Dose (mg/day) in 2 divided doses
1 or 4
Copegus 200mg tablet with Pegasys or Rebetol 200mg capsule with PEG-Intron
less than 75

The most serious adverse events is hemolytic anemia which occurs in 10% to 13% cases. Dose reduction or discontinuation of the therapy is warranted. Ribavarin is teratogenic, which means it can cause deformity in fetus. Patients on ribavirin should avoid pregnancy during treatment and for 6 months after treatment; thus, female patients and female partners of male patients need to have adequate contraception.

What are protease inhibitors (PI) telaprevir and boceprevir?

PI interferes with HCV life cycle by inhibiting protease enzyme. It is especially potent against HCV genotype 1 replication.  Before starting treatment, there are many drug interaction associated with PI and thus co administration with CYP3A4  and P-glycoprotein substrates or inducers are contraindicated. 

Boceprevir 200mg tablet (Victrelis) : 
FDA indicated for Chronic HCV genotype 1 treatment (in combination with Pegylated Interferon alfa and ribavirin) in adults patients with compensated liver disease. Before starting boceprevir, there is a lead-in phase during which dual therapy of Pegylated Interferon alfa and ribavirin is administered for 4 weeks first. At week 5, boceprevir will be added. Recommended dose is 800 mg by mouth three times a day. Dose should be taken with food. Adverse events include anemia, neutropenia and dysgeunia.

Telaprevir 375 mg tablet  (Incivek) :
FDA indicated for Chronic HCV genotype 1 treatment (in combination with Pegylated interferon alfa and ribavirin) in adults patients with compensated liver disease. Recommended dose is 750 mg by mouth three times a day for 12 weeks. The dose should be taken with non low-fat meal ( meals contain more than 20 g of fat. Adverse events include rash, pruritus, fatigue, hyperuricemia, nausea, vomiting.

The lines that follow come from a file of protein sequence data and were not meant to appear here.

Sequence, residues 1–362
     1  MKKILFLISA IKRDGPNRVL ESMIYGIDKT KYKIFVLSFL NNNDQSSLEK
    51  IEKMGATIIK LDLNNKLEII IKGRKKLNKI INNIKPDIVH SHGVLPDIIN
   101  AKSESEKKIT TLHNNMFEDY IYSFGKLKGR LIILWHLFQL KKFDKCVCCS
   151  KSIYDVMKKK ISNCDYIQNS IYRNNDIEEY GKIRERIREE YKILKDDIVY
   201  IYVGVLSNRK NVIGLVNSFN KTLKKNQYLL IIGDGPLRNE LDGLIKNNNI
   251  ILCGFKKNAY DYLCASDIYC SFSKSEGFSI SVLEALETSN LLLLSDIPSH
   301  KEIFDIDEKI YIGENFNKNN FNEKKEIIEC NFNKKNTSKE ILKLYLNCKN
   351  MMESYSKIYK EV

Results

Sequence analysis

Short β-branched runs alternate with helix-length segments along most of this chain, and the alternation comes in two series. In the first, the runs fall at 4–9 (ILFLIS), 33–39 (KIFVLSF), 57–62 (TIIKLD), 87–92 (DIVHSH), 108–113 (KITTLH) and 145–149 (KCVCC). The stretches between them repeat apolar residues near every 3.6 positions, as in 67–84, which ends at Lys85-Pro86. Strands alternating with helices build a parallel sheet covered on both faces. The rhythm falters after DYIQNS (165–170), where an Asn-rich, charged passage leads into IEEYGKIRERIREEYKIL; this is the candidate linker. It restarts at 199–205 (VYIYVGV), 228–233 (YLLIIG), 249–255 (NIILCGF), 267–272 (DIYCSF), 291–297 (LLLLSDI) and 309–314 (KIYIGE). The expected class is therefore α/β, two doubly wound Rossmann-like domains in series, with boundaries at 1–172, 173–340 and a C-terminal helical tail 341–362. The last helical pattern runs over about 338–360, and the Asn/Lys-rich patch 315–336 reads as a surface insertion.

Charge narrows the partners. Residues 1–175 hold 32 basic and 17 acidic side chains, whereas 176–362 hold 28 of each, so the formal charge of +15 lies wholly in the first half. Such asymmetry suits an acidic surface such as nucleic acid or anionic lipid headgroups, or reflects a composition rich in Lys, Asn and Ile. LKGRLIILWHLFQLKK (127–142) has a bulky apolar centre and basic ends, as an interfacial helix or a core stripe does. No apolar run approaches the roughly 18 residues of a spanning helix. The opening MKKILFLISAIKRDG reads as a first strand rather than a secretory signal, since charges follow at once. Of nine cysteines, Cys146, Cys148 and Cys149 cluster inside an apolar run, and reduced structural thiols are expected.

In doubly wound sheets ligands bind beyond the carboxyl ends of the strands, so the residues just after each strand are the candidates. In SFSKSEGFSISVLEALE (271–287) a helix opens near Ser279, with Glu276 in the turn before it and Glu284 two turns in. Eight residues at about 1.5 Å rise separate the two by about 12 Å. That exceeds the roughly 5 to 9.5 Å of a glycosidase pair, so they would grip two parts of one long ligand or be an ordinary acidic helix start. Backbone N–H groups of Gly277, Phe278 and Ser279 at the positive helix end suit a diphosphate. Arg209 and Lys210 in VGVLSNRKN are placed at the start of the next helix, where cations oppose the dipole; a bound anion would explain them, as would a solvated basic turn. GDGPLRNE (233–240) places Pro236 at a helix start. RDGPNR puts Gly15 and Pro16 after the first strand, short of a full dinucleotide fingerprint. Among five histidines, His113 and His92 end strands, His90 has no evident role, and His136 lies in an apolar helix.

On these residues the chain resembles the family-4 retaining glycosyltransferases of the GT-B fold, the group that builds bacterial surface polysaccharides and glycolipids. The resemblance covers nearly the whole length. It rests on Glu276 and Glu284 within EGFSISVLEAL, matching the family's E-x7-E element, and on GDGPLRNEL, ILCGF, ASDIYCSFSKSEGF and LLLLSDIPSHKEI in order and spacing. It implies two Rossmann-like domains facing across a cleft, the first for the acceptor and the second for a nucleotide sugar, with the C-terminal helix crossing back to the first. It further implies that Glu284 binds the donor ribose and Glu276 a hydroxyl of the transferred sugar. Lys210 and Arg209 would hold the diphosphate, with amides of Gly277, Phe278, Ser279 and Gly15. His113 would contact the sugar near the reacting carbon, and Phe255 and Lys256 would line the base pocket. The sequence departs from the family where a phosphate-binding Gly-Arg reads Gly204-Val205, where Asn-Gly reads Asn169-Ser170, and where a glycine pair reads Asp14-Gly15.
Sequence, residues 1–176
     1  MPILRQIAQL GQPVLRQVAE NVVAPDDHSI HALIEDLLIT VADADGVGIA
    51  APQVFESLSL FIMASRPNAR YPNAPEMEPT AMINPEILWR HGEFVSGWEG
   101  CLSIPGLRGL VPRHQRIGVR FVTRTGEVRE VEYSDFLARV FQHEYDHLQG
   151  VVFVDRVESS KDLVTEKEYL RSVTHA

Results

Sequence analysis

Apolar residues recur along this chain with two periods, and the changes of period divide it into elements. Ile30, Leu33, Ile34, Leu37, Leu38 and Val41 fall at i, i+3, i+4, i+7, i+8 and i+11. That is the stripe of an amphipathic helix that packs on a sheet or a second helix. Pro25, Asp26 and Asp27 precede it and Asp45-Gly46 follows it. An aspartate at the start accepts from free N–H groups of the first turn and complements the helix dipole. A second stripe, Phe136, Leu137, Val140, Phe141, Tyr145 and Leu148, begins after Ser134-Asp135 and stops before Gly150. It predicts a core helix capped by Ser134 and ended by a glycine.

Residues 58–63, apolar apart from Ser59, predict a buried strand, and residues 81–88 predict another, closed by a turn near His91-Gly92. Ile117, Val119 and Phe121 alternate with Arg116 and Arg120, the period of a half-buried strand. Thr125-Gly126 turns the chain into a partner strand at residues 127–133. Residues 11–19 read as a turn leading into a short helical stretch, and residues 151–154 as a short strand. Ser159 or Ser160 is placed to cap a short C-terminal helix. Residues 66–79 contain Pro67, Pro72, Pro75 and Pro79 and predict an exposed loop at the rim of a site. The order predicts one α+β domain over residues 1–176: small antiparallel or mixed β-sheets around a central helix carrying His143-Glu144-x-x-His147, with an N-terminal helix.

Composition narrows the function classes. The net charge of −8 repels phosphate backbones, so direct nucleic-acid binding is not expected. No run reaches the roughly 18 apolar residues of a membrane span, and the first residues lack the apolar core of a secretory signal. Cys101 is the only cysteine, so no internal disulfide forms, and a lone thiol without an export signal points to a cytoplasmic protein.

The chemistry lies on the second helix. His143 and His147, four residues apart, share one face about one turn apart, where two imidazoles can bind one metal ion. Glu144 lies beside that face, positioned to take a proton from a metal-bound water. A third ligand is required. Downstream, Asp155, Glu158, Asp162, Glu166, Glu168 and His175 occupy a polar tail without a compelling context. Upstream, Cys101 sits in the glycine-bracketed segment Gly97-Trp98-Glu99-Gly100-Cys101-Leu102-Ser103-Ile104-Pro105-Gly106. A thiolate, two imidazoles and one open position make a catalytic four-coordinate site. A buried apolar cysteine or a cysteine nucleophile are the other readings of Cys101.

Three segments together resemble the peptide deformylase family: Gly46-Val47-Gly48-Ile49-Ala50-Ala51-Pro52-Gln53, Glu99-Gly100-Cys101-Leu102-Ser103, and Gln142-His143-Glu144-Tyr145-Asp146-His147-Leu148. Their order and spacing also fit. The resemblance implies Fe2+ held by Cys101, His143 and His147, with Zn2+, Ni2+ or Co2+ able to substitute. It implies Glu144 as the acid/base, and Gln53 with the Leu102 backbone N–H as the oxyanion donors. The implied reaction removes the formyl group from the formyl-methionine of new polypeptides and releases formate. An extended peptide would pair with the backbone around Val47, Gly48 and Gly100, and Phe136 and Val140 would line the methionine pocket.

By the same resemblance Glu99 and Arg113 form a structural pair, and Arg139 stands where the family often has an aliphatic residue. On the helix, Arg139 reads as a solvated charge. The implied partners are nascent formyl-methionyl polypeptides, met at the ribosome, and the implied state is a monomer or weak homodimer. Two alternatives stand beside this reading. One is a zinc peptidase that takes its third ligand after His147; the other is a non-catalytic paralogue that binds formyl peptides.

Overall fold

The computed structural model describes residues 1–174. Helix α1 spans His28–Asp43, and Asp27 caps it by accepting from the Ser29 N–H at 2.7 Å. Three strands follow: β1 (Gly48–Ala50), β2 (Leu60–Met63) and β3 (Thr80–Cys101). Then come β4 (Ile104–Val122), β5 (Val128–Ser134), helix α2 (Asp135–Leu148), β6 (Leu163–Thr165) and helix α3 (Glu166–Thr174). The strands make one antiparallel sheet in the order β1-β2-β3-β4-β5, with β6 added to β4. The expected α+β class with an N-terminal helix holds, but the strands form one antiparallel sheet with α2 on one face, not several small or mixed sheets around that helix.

What are the goals of treatment?
If the treatment goes well, HCV RNA will be undetectable at week 4, which is defined as the rapid virologic response (RVR). The treatment is considered successful if no HCV RNA is detectable at 24 weeks after treatment is completed, which is called sustained virologic reponse (SVR)

Where can I learn more about hepatitis C?
Please refer to for more information

* A note for Singaporean patients:
Protease inhibitors must be especially ordered for patients in restructured hospitals and it will take time (usually up to 4 weeks) before the delivery of medicine. The cost of drug can be more than $10,000 per course of treatment. However, in some hospital, ribavarin and pegylatedinterferon alfa fees may be waived for patients on boceprevir. 

For patients on dual therapy of Pegylated Interferon alfa and ribavarin, Pegylated Interferon alfa, the cost of ribavarin may be waived. Check with your hepatologists for more information